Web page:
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‘We are here’: Helping Indigenous university students thrive
University of Regina initiative supports the transition to campus life
A first-year theater course at the University of Regina awakened in Skyler a passion for the performing arts.
Not only has the nêhiyawak student, now in his fourth year, chosen to pursue a degree in media and performance—he wrote, directed and acted in a play that became a blockbuster production at Regina’s Globe Theatre.
“He came out of his shell as a result of Theatre 100,” says Kevin Bolen, the university’s director of student success. “It opened up the world for him.”
Skyler enrolled in the theatre course as part of the university’s nitôncipâmin omâ (“we are here”) Student Success Program, designed to help Indigenous students adjust to and thrive in their first year of university.
“All students struggle getting through their first year,” Bolen explains. “Our goal is simply to support Indigenous students through that transition, so they can avail themselves of opportunities at the university and beyond.”
And the program works. Since it launched in 2010, around 76% of participants advanced to their second year of studies, a rate “far in excess of Indigenous learners who do not receive the supplementary supports offered through omâ,” Bolen says.
With a dual focus on academics and culture, the program is organized in yearly cohorts of about 25 students. Participants take core courses together and are shadowed by an omâ facilitator who also attends the classes in order to provide superior academic support.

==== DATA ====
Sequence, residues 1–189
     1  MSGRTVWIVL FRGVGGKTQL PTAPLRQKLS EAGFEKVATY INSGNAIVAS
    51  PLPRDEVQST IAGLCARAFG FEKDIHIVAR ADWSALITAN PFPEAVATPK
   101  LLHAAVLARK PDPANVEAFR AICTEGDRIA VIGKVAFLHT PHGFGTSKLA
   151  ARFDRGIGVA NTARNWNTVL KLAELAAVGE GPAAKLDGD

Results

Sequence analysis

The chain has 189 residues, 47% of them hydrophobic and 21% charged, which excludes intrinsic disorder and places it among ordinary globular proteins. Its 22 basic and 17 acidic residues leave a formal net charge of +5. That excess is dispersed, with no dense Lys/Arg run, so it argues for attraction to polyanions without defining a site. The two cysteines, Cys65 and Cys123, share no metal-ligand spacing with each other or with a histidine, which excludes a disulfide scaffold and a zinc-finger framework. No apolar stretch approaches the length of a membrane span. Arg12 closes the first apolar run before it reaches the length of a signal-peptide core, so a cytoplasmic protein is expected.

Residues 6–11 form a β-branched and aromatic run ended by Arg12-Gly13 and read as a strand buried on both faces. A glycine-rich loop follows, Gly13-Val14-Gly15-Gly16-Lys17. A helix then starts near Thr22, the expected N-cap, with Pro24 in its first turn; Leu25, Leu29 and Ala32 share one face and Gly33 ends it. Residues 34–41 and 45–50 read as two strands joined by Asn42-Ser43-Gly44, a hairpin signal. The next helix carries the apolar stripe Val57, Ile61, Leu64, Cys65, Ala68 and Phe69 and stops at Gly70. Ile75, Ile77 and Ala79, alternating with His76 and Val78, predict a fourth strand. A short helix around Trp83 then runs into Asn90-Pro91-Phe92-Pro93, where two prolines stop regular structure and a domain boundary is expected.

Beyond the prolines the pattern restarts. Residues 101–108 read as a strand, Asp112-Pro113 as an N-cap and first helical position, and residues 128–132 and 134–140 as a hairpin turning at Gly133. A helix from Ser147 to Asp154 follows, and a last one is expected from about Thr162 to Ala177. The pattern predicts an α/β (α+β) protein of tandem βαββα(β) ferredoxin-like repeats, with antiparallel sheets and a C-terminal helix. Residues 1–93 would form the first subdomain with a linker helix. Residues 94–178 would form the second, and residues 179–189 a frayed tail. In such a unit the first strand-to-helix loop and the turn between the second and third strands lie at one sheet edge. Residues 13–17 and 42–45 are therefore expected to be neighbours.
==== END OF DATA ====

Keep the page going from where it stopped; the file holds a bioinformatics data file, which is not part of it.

To meet the students’ spiritual and cultural needs, an Elder, or kokum (grandmother) as she’s called, is available to meet with students. Through the ta-tawâw Student Centre, omâ students are invited to attend around 250 cultural events per year—tee pee raising, feast, smudging, beading, art and round dance.
“There is a focus on culture and placing value on tradition and traditional ways of knowing,” says Bolen.
Thanks to funding from donors, the omâ Program is available to Indigenous students at the U of R. In 2020, Enbridge made a six-year commitment to the program, and will contribute $25,000 per year through 2025 to help omâ students thrive.
“For these students, once they develop skills, the world opens up for them,” Bolen continues.
More than individual successes, the omâ Program has resulted in graduates inspiring younger generations to take part, too.
“Within Indigenous communities, getting that first Indigenous learner to succeed can change an entire family,” Bolen says.
Once they join omâ, the students become aware of other opportunities—paid summer internships, funding to attend conferences, leadership and employment opportunities.
The program’s name is apt. nitôncipâmin omâ—“we are here”—delivers a strong message that Indigenous students belong at university.
(TOP PHOTO: For more than a decade, the University of Regina's nitôncipâmin omâ (“we are here”) Student Success Program has helped Indigenous students move on to their second year of post-secondary studies.)
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